As Ella moves through a dusty playground area, I watch the children’s interactions. Some of the kids are wild, climbing over one another on the slide. They laugh even when their bodies’ positions are obviously uncomfortable.

Other youngsters appear less aggressive. I notice the essence of both peace and war in scaled-down forms.

One bright, talkative little girl tells me the story of a skunk that appeared one evening on one of the softball fields. She is animated yet assures me no one was sprayed. Her spirit speaks peace. Another little girl and her younger brother race against Ella for a bouncy whale and dolphin.

Ella stands too close to the two children. She begs for a turn. I can tell the siblings are determined to maintain a battle over the sea mammals because they gesture to one another as Ella walks away. I lead my granddaughter in another game.

“Ella, I’m swimming, but I’m not very good at it. I need a lifeguard. Will you be my lifeguard?”

I move my arms in an awkward mock swim motion.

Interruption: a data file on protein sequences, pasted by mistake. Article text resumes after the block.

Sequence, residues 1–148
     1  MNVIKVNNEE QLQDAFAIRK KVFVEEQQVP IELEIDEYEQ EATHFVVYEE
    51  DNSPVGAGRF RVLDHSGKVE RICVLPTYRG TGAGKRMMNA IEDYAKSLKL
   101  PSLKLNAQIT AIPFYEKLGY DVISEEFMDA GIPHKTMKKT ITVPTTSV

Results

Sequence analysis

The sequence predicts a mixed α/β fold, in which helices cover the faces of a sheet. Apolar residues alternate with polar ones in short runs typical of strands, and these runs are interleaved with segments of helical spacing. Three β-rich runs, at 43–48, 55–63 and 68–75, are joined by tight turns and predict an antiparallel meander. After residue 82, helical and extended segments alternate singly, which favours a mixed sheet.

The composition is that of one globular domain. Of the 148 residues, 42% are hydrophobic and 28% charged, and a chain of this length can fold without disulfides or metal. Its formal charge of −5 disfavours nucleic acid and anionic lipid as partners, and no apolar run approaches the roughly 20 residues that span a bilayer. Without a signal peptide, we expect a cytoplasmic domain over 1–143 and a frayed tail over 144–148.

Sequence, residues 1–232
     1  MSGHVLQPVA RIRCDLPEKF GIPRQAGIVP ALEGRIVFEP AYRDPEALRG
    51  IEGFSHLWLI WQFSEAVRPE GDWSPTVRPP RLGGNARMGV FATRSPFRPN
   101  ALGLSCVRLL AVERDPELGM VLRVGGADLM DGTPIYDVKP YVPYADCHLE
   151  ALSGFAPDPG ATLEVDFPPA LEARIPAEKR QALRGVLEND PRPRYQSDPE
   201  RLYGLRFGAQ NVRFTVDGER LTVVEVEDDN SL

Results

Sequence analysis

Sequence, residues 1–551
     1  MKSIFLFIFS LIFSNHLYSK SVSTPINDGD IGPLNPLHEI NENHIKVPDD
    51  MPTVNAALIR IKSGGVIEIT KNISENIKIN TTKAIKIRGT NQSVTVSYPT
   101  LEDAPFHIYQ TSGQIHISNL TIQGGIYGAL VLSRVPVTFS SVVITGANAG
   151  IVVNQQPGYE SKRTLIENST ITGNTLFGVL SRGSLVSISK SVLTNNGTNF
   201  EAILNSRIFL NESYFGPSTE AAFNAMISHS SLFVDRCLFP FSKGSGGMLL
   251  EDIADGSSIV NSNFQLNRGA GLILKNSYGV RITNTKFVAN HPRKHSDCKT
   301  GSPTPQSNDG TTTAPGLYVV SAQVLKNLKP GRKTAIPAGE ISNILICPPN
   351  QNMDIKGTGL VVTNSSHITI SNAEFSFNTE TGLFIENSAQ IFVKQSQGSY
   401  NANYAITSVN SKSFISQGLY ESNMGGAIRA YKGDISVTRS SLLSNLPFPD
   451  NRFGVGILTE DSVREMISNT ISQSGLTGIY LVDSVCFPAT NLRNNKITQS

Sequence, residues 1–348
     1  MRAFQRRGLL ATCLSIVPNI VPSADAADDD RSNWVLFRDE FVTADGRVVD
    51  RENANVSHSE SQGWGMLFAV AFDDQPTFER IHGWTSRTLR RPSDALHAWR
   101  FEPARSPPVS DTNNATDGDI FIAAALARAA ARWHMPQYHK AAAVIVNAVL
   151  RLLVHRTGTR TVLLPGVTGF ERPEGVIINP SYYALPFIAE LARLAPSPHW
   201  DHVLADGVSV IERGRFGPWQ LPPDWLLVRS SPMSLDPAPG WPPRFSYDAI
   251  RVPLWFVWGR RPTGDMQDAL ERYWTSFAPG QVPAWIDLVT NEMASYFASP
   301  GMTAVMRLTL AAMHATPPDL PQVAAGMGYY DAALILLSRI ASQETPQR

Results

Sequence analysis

“Sure,” she answers.

The distraction works—at least until the two kids are called by their dad to go home. A simple solution. At least for the moment.

Mine. Mine. Mine. A universal problem. Ella also wants to help her grandmother. Play is serious learning. She doesn’t grab the dolphin until at least ten minutes after her antagonists leave.

War. It has lived since ancient times. Now, news travels faster through social media, television, the Internet. Stories appear slanted, tainted, unverified. And violence continues in various forms as TV watchers eat dinner.

Suddenly, I have indigestion.

Shadows. They have multiple meanings. Reflected images born from the sun. Shady areas. Loyal followers. Hidden flaws. Metaphors.

Find the kindest kind of shadow…

Illusive at best. I can only seek the goal I see and love to the best of my ability. Love is war’s antonym.

Attending a protest in front of an ICE facility in my home town was a recent choice for me. You bet I was frightened. However, no one ever said love was going to be easy. Yes, immigration control is necessary. Cruelty, especially against children, is not. Fortunately, the event was as peaceful as it was intended.

Some shadows need more attention than others.

Peace to all.

 

 

 

Read Full Post »

Older Posts »

%d bloggers like this: